7.8/10
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66 user 96 critic

Purple Noon (1960)

Plein soleil (original title)
Tom Ripley is a talented mimic, moocher, forger and all-around criminal improviser; but there's more to Tom Ripley than even he can guess.

Director:

René Clément

Writers:

Patricia Highsmith (novel), René Clément (adaptation) | 1 more credit »
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Cast

Complete credited cast:
Alain Delon ... Tom Ripley
Maurice Ronet ... Philippe Greenleaf
Marie Laforêt ... Marge Duval
Erno Crisa ... Riccordi
Frank Latimore ... O'Brien
Billy Kearns Billy Kearns ... Freddy Miles (as Bill Kearns)
Ave Ninchi Ave Ninchi ... Signora Gianna
Viviane Chantel Viviane Chantel ... The Belgian lady
Nerio Bernardi Nerio Bernardi ... Agency Director
Barbel Fanger Barbel Fanger
Lily Romanelli Lily Romanelli ... Housekeeper
Nicolas Petrov Nicolas Petrov ... Boris
Elvire Popesco Elvire Popesco ... Mrs. Popova
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Storyline

Tom Ripley is sent to Europe by Mr. Greenleaf to fetch his spoiled, playboy son, Philippe, and bring him back home to the States. In return, Tom will receive $5,000. Philippe toys with Tom, pretending he will go back home, but has no intentions of leaving his bride to be, Marge, and honoring his father's wishes. After some time passes, Mr. Greenleaf considers the mission a failure and cuts Tom off. However, he will need all his conman abilities to keep afloat. Written by Humberto Amador/Peter Brandt Nielsen

Plot Summary | Plot Synopsis

Taglines:

Everything is out in the open - bathed by the sun! See more »

Genres:

Crime | Drama | Thriller

Motion Picture Rating (MPAA)

Rated PG-13 for momentary violence and sexuality | See all certifications »

Parents Guide:

View content advisory »
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Details

Country:

France | Italy

Language:

French | Italian | English

Release Date:

10 March 1960 (France) See more »

Also Known As:

Lust for Evil See more »

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Box Office

Gross USA:

$618,090
See more on IMDbPro »

Company Credits

Show more on IMDbPro »

Technical Specs

Runtime:

Sound Mix:

Mono (Westrex Recording System)

Color:

Color (Eastmancolor)

Aspect Ratio:

1.66 : 1
See full technical specs »
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Did You Know?

Trivia

There was a previous incarnation of PURPLE NOON in 1956. Studio 0me in Hollywood presented "The Talented Mr. Ripley" with Keefe Braselle (probably as Ripley) and William Redfield. See more »

Goofs

Alain Delon's belt goes over the middle belt loop on the back of his white Levis about eight minutes into the film. A couple of minutes later, the belt goes through the loop, though the action was continuous, with no possibility of him having removed his belt to correct this fashion fumble. See more »

Quotes

Philippe Greenleaf: That's why you took my bank statements?
Tom Ripley: Exactly.
Philippe Greenleaf: So you kill me and you're rich?
Tom Ripley: Don't miss a trick, do you?
Philippe Greenleaf: It seems awfully complicated. You'd be caught immediately.
Tom Ripley: No necessarily. I might not look it, but I've got lots of imagination.
See more »

Connections

Edited into Spisok korabley (2008) See more »

Frequently Asked Questions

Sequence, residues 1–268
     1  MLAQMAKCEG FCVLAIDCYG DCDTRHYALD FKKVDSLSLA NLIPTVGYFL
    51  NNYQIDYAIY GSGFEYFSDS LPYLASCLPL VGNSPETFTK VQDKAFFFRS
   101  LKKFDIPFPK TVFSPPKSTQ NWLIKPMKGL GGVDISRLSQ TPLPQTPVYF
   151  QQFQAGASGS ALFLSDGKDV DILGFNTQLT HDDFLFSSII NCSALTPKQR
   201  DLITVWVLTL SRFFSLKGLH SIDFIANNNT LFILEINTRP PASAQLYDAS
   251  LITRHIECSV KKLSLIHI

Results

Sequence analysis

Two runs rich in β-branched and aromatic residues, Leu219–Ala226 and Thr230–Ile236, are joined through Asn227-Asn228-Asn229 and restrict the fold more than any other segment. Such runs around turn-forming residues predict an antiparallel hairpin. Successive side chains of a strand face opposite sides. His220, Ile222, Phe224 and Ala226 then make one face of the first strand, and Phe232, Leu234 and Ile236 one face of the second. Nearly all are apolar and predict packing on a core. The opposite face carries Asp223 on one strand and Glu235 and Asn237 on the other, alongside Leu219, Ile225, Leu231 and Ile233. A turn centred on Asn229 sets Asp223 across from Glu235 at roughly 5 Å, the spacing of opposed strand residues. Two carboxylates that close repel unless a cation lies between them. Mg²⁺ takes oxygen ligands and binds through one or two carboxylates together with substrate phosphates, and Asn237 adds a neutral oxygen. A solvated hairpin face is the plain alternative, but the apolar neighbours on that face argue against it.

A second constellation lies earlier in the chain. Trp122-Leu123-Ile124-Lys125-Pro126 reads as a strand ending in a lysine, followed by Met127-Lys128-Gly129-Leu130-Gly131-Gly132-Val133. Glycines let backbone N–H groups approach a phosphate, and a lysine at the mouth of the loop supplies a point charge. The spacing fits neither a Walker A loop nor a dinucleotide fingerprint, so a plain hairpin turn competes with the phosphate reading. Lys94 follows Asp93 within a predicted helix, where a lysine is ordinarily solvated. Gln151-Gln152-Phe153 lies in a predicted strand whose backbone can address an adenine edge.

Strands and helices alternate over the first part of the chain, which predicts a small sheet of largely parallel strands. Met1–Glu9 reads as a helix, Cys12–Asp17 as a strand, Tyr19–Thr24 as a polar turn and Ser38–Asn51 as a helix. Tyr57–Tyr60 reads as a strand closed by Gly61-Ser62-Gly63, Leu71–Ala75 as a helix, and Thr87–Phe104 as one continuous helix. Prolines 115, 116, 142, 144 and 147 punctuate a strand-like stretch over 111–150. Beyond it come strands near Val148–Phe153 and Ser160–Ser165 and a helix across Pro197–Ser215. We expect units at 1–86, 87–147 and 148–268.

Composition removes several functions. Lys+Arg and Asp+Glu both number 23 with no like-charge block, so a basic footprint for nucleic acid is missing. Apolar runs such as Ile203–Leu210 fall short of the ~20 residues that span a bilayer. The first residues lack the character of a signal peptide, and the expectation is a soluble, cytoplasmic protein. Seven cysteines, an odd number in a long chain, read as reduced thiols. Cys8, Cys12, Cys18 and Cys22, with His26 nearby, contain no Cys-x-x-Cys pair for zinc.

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User Reviews

Clément's camera is always in some unexpected place that enhances the drama and tightens the suspense; Alain Delon makes an excellent Tom Ripley
6 March 2007 | by J. SpurlinSee all my reviews

I'm fascinated by a scene at a restaurant. We get an extreme close-up of a woman who is kept out of focus while another character in the background, who is speaking and is in the center of the shot, remains in focus. Is the woman who is out of focus important or not? More to the point, was shooting it this way a good idea? It illustrates by contrast how sure-footed René Clément is most of the time. Usually there can be no debate.

I wasn't familiar with Clément's work until this film, but my God, he's good. His camera is always in some unexpected place that enhances the drama and tightens the suspense. He shares that talent with Orson Welles (meaning the Welles of "Citizen Kane" and "The Magnificent Ambersons," not, say, "Lady from Shanghai"), who also made decisions that are surprising yet invariably right.

Tom Ripley (Alain Delon) and Phillipe Greenleaf (Maurice Ronet) are lately inseparable friends. They're both idling in Europe, but on papa Greenleaf's dime. Phillipe's fiancée Marge (Marie Laforêt) feels sorry for Tom but resents his presence. Phillipe's other friend, Freddie (Billy Kearns), considers Tom Ripley a worthless moocher. But there's more to Tom Ripley, the mimic, the forger, the talented criminal improviser, than anyone, even Tom Ripley himself, can guess.

Alain Delon, with his chiseled looks and cold beauty, makes an excellent Tom Ripley. The script is brilliantly adapted from Patricia Highsmith's terrific suspense novel, "The Talented Mr. Ripley": the dialogue is always bringing the themes of duplicity, love, self-love, the nature of identity, ruthlessness and murder to the surface where they are given a brilliant sheen by Clément and his cinematographer Henri Decaë.

We're left to figure things out for ourselves, which is rare. Do we need to be told what Tom thinks of when he sees all those dead fish? When a door with a mirror swings open toward Tom, do we need to see Tom's mirror image to understand the mirror's significance? Or is it enough that we know there's a mirror next to Tom? I know what the answers would have been in Hollywood—in 1960 and now. Here, the answers are no, no and yes.


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